This call was to turn into the 7 page story in New of the World – involving the recruitment of Mahmood’s cousin Mahmood Quereshi aka Jaws (because of his gold teeth) as the get-away driver of what the Sunday tabloid would call an “international terror gang”.
According to Gashi, who later gave evidence on behalf Turcu at his appeal against NGN, Mahmood requested a gun as part of the plot – supplied to Gashi by Robin Halsworth who worked for APCOA – “because it would make a dramatic photograph and make the gang look dangerous.” As Mahmood had already been seen by the “gang” posing as a buyer for the turban, he gave recording equipment to Gashi to instigate the “planning” of the kidnap over drinks in bars and restaurants in south London.
At these meetings, Gashi introduced Mahmood’s cousin to the “gang” and began asking hypothetical questions: “If you kidnapped Victoria Beckham, how much ransom would you ask for?”; “Can you transfer that sort of money through a bank?”; “How could you snatch her?”; “When is the best time?”; “Where would she be kept? Unknown to the drinking party who responding to Gashi trying to impress each other and to show off who was more knowledgeable, he was recording the conversations with the equipment supplied to him by Mahmood. Whenever the conversation strayed elsewhere, Gashi would try to steer it back to the topic of a Beckhams kidnap plot.
Media columnist Roy Greenslade, who has written over many years about the methods of the fake sheikh, wrote in the Guardian in 2003; “Of the thousands of words of inconsequential chat recorded by Gashi, very few relate directly to the Beckhams. In a conversation recorded on October 27 – just six days before the men were arrested – one of the supposed “international terror gang” members is recorded saying to another one: “[Gashi] wants us to kidnap Victoria Beckham.” By the time police called round Mahmood’s News of the World office [DI Ian Horrocks of the kidnap and specialists investigations of the Met Police based in New Scotland Yard and two collegues] in regards to the turban, he told them he was also investigating new information of criminal activity by the same “gang.”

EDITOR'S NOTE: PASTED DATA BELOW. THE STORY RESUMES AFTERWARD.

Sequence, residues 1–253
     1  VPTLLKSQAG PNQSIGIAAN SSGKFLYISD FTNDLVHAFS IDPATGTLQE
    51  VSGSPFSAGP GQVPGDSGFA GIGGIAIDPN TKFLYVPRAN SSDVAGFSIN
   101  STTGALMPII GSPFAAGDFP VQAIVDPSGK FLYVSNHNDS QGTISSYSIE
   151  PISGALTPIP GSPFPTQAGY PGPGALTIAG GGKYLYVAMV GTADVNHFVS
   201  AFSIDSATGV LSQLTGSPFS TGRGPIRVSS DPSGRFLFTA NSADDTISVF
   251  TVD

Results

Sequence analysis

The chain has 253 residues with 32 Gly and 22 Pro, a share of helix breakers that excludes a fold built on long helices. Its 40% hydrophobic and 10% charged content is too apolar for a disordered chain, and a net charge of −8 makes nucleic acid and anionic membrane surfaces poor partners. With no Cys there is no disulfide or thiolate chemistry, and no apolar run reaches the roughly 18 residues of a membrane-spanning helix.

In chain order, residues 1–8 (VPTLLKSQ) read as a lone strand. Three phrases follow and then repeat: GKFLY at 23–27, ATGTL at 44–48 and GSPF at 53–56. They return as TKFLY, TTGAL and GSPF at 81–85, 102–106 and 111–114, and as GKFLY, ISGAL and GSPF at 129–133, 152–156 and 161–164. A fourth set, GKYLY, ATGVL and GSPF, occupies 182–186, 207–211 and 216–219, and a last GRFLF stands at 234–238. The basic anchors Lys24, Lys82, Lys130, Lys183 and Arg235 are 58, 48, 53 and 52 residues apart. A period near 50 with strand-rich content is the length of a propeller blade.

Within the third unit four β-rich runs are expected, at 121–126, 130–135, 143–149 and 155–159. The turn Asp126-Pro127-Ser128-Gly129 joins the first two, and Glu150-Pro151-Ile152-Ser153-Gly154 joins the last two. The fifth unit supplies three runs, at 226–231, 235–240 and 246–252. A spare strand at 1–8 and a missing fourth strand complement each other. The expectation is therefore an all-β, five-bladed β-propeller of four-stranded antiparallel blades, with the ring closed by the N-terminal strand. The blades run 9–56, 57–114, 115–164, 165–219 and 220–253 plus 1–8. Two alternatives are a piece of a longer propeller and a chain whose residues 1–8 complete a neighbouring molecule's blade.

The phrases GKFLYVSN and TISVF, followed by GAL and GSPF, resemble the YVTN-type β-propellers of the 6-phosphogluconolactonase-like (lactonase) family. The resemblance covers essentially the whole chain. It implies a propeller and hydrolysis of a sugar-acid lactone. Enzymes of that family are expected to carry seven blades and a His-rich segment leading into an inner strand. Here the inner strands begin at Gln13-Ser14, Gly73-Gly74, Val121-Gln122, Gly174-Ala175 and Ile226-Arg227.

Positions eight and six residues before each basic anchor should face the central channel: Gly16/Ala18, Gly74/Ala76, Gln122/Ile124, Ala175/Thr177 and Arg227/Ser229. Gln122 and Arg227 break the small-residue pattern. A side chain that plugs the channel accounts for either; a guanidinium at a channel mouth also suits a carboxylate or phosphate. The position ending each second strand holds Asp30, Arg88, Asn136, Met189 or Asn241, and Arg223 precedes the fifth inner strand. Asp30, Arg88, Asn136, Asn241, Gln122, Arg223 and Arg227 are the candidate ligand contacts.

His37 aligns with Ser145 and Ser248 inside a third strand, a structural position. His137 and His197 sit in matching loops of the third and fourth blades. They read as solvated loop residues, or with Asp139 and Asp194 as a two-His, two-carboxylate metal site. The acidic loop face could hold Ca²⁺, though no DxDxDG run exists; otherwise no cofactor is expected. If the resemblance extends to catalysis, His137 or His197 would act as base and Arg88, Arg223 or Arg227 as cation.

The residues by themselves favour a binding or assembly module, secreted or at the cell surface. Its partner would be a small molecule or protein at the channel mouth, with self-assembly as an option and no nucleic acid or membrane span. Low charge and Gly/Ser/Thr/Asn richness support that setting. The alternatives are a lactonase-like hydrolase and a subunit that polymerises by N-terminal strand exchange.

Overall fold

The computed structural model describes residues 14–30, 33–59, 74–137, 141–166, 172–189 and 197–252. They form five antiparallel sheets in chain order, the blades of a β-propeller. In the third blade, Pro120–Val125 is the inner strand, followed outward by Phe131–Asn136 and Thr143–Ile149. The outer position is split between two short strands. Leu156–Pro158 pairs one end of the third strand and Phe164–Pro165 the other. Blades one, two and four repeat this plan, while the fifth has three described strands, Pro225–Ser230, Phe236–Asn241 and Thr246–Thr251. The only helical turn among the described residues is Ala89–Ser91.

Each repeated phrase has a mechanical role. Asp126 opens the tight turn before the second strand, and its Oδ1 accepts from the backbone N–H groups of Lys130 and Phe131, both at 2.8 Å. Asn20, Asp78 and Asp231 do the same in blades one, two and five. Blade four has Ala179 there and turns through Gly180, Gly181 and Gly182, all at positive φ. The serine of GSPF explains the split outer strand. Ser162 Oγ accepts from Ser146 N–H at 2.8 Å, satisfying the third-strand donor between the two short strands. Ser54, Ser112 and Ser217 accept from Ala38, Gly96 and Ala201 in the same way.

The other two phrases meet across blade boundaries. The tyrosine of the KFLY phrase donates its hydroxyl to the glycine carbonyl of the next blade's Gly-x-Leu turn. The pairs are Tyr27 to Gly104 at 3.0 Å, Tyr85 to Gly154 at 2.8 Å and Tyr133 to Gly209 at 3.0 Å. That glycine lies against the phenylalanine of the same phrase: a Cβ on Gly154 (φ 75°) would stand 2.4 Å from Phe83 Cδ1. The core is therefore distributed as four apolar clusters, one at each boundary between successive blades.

Gashi claimed “Maz was continually pushing me to get at least one of the five to go to Beckham’s home”. Once at the home in Sawbridgeworth Herts, Mahmood was there waiting in a surveillance van with a colleague ready to record them walking outside the gated property.
Armed with his “evidence” from Gashi, on October 30th 2002 – 3 days before the arrests – Mahmood along with Qureshi met DI Horrocks and DC Hulme to provide the information he had gathered – including one of the members having a firearm and that they were planning a kidnap. It is at this meeting Mahmood told the police that he did not want to disclose the identity of the target at that stage because “the editor [Brooks] would like to keep that matter a secret for as long as possible and thus not spoil the story she was planning to publish.”
Among the seven pages, on page 6 the News of the World, had an interview with Victoria Beckham under the headline ‘Posh Thanks Us’, as well as a leader headed ‘Maz the amazing’ in tribute to Mahmood. On page 7; ‘Courage Of Our Hero Maz’.
Greenslade called it “one of the great fake stories of our time”. Turcu, a party loving teenager (but a petty criminal) was named as a “surveillance expert” by the paper which resulted in charges of conspiracy to kidnap by the five men. Arrangements were made between News of the World and Met Police for the arrests to be made on Saturday 2nd November 2002 – so ths the Sunday tabloid could publish their seven page exclusive the next day.